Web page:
What role did Maurice Papon play in the World War II in French collective memory?
Maurice Papon was born in third September 1910 in Gretz-Armainvilliers and died on 17th February 2007. He was a French citizen who became a businessperson then later joined police and rose through ranks until he became a cabinet minister.
While the impact of the World War II left an indelible mark on the American society that is evident to date, the entry point to the social and family restructuring was women, through whom the reorganization of the social systems then took shape and inflicted the whole of the American society.
He was a member of the Delta Upsilon Fraternity, as was his father. While at Cornell, Vonnegut enlisted in the U.S. Army. The Army transferred him to the Carnegie Institute of Technology and the University of Tennessee to study mechanical engineering. On Mothers' Day in 1944, his mother committed suicide with sleeping pills.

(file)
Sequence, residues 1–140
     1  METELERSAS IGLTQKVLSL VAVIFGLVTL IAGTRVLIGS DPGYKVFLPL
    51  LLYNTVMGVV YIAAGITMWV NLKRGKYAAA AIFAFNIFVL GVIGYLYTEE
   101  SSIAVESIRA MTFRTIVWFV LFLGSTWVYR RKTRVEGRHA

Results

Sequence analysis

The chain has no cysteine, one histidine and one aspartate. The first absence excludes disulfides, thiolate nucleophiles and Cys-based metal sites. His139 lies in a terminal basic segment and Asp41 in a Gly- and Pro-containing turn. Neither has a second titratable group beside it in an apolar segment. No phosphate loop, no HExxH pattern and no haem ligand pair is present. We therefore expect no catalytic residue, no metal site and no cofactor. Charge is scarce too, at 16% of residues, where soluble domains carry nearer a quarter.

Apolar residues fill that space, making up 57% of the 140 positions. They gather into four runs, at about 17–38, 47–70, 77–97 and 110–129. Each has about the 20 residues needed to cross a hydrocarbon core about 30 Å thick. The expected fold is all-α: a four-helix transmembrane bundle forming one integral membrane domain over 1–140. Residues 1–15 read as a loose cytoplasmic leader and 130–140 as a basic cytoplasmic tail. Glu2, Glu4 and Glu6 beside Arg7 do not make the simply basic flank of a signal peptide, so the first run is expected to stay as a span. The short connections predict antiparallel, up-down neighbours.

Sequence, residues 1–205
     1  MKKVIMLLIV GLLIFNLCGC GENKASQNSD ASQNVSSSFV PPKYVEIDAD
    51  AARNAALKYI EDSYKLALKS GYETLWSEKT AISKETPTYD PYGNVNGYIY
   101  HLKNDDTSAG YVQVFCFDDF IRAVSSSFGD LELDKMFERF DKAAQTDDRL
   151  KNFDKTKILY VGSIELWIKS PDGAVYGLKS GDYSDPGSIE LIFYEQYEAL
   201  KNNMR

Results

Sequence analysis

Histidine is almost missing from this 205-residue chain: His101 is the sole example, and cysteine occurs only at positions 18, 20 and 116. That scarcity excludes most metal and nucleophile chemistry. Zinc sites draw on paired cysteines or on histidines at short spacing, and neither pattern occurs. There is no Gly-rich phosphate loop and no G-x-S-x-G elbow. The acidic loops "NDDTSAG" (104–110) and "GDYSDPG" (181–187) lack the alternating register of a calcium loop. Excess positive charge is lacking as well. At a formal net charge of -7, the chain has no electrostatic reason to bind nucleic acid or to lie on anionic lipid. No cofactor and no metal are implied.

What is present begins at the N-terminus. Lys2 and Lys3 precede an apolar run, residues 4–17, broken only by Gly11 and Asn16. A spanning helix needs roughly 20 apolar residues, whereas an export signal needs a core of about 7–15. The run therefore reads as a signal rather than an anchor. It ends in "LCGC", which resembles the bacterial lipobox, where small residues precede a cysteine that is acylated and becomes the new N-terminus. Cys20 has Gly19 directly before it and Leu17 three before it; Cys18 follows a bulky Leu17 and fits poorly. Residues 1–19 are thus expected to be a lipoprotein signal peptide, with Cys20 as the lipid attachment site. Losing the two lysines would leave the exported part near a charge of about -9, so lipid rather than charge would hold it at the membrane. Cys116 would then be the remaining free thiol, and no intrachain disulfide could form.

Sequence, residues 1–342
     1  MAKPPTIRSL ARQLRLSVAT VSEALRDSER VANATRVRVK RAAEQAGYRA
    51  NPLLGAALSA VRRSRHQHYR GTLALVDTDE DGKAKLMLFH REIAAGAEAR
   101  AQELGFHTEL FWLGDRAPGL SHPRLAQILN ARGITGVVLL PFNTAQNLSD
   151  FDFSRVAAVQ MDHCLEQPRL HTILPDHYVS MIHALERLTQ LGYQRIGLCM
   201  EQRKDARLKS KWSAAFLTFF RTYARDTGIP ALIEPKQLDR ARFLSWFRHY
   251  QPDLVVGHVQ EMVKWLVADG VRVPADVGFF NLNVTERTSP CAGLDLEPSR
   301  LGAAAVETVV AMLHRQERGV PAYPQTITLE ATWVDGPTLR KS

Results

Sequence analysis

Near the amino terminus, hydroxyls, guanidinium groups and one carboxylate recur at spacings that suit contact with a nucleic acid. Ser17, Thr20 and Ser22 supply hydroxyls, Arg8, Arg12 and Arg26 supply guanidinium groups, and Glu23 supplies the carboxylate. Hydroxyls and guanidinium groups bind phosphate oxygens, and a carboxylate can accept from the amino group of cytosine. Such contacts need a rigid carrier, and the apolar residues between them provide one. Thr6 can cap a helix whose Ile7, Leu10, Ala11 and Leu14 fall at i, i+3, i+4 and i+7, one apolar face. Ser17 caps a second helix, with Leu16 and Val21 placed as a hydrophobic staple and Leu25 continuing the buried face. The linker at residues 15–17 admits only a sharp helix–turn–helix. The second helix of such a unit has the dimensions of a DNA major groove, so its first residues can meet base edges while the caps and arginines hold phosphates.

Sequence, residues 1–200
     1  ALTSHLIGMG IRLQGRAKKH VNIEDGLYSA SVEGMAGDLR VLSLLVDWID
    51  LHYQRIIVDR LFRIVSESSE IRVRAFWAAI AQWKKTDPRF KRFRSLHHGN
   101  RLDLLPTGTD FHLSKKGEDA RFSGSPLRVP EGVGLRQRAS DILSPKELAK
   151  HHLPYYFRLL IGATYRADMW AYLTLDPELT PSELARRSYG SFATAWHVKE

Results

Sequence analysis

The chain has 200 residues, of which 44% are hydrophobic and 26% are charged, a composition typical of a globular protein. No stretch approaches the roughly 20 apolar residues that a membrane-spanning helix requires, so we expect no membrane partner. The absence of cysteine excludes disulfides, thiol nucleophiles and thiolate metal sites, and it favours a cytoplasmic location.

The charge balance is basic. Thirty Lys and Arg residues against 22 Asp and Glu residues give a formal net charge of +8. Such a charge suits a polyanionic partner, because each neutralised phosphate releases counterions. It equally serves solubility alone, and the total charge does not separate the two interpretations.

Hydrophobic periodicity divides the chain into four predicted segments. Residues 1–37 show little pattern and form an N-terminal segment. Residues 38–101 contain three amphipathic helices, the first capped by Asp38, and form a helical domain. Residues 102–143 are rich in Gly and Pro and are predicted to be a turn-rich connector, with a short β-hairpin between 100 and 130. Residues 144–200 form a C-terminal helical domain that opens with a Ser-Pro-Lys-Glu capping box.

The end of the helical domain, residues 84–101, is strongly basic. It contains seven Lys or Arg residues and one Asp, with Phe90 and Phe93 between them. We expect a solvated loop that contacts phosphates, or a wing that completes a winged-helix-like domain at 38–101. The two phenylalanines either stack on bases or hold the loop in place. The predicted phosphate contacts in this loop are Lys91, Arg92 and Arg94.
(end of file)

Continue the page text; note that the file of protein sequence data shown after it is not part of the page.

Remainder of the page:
He was named the chief of Paris police. The year of the Paris massacre, he was personally awarded with the legion of Honour by the French president, who at that time was struggling into improving his government. Despite all